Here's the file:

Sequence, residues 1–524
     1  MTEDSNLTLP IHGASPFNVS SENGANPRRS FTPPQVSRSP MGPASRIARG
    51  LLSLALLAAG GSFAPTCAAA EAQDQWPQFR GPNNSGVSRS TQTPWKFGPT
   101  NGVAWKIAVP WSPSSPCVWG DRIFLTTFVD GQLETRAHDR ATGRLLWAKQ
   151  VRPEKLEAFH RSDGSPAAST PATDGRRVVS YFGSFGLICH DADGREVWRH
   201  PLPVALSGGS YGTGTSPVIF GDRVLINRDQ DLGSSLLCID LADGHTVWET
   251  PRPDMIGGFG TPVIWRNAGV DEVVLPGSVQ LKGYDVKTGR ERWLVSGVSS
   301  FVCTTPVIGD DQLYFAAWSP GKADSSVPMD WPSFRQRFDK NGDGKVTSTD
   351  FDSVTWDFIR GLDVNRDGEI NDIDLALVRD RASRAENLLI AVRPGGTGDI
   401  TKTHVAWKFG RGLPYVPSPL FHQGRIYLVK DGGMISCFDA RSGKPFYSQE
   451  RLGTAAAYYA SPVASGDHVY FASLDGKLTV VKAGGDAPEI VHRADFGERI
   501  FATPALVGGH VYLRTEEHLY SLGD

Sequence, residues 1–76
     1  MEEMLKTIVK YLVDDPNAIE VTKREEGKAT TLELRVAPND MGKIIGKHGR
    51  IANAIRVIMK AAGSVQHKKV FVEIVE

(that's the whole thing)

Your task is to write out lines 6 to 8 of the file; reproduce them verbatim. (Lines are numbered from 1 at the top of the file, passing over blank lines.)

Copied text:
   201  PLPVALSGGS YGTGTSPVIF GDRVLINRDQ DLGSSLLCID LADGHTVWET
   251  PRPDMIGGFG TPVIWRNAGV DEVVLPGSVQ LKGYDVKTGR ERWLVSGVSS
   301  FVCTTPVIGD DQLYFAAWSP GKADSSVPMD WPSFRQRFDK NGDGKVTSTD